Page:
One of the most disturbing body camera videos was the shooting of Daniel Shaver in 2016 by a Mesa, Arizona police officer. Shaver, who was white and unarmed, attempted to comply with difficult and contradictory instructions from the officer as he begged for his life. When Shaver, who had been drinking, tried to keep from falling, he was shot and killed by the officer. The officer was acquitted in the case and even rehired by the department so that he could qualify for a pension.

I am not advocating for defunding the police, but we do need police reform. There are a few ideas that seem like good places to start. The first is to better screen police applicants and weed out people who are too aggressive and combative. It takes a special temperament to be a cop and not everyone should do the job.

The AR-15 that Philip Brailsford, the officer who killed Daniel Shaver, used that night was etched with the words, “You’re f–ked.” This paints a picture of someone who may have a very different mindset than fulfilling the mission of protecting and serving.

Another important reform is better training. I think it’s true that officers need to be better trained in de-escalation. Too often, the reaction is to shoot first and ask questions later. Several veterans have made the point that American soldiers serving in combat zones have more strict rules of engagement than police officers patrolling American cities. This needs to change.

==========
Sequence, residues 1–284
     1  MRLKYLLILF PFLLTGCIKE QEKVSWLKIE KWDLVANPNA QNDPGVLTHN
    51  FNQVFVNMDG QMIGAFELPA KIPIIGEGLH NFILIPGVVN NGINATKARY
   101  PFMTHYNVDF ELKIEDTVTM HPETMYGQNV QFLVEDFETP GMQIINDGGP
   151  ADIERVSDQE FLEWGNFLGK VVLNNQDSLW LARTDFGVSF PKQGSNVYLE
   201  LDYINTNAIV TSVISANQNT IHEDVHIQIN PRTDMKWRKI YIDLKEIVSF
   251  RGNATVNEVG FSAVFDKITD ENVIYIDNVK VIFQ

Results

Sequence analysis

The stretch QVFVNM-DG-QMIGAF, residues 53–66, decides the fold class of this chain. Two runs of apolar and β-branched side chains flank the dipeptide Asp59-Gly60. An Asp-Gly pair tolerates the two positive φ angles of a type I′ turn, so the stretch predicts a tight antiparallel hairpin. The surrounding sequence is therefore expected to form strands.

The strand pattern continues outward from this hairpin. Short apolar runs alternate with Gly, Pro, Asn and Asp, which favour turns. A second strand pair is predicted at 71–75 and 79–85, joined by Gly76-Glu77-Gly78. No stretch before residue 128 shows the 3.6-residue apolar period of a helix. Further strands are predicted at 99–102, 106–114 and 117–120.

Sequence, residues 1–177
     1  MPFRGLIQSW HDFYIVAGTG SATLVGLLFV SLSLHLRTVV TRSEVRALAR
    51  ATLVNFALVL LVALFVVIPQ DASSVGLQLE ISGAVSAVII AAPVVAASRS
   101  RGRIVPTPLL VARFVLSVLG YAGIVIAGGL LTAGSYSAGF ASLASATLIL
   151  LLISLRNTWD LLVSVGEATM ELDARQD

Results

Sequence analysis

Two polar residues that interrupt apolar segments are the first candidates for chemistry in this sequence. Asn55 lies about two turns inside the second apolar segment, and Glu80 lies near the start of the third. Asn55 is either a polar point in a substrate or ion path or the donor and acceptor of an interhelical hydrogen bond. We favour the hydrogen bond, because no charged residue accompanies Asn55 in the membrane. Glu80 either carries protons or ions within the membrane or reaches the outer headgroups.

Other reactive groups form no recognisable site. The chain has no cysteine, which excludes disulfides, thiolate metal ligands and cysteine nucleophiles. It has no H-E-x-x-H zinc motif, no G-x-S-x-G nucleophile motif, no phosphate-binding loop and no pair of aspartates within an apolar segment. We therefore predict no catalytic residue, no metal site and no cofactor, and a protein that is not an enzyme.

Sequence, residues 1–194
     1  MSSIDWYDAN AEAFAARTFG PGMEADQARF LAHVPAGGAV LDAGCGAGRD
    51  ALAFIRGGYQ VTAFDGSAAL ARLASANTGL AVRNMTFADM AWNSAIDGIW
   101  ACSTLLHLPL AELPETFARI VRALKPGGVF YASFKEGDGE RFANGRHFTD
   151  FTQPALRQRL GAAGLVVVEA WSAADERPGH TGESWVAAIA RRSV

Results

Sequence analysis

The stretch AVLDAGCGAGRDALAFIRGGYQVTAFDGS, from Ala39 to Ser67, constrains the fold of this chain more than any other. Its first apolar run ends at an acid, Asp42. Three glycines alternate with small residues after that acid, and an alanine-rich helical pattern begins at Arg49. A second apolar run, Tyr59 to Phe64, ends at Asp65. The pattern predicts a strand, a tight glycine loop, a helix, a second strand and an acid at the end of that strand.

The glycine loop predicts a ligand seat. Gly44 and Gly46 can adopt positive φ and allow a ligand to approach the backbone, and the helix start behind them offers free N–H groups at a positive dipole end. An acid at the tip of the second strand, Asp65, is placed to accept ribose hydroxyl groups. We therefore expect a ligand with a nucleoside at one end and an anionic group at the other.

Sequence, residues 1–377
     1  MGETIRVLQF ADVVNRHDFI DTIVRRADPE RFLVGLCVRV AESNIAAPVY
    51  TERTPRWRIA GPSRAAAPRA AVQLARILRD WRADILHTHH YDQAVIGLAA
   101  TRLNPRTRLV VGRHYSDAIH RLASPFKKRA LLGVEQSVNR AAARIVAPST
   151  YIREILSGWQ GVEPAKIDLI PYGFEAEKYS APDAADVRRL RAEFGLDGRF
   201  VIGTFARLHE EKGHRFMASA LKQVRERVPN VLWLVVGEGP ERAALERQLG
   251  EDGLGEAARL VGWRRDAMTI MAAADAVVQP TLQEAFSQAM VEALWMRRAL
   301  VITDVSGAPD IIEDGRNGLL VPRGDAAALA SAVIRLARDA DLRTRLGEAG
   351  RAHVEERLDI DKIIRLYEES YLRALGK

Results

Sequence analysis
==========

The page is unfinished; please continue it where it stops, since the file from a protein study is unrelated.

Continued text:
It is an obvious truth that police officers need to be able to protect themselves, but they also need to be accountable for protecting civilians, both innocent and otherwise. We need to find a balance between an officer’s fear for his life and wantonly shooting down unarmed Americans in the street. Or in their own homes.

As Steve Berman wrote yesterday, we need to hold police who are bad apples or who make mistakes accountable. It erodes the public trust when cops like the ones who killed Breonna Taylor and Daniel Shaver get off scot-free and sometimes don’t even lose their jobs.

Qualified immunity also must go. This legal doctrine could be a post in itself, but essentially it makes it almost impossible for victims of government abuse, such as the families of those unnecessarily killed by police, to collect damages. The doctrine frequently puts police officers and other government officials who behave badly above the law.

What’s worse, qualified immunity is a creation of the Supreme Court, not a legislature. Colorado and New Mexico recently banned qualified immunity. More states and Congress should follow suit.

Many people will point to Adam Toledo’s mistakes on the night of March 29 to justify his death at the hands of Officer Stillman, but Toledo was not the only victim that night. Even if Stillman keeps his job and escapes legal liability for the killing, two lives were ruined when he pulled the trigger. It is likely that Stillman will be haunted for the rest of his life by the image of Adam Toledo with his hands raised.

I don’t believe that Officer Stillman set out that night to kill a child. I also don’t think that he shot Toledo, who was of Mexican heritage and not black, because he was a minority kid. But the fact remains that Stillman did kill an unarmed seventh-grader.

Reforming the police may save the lives of some kids like Adam Toledo, but it may also save the lives and mental health of police officers as well as helping to prevent riots and retaliatory violence. It is a tragedy for a 13-year-old to be killed by police but it is also tragic to have to live with pulling the trigger.

Follow David Thornton on Twitter (@captainkudzu) and Facebook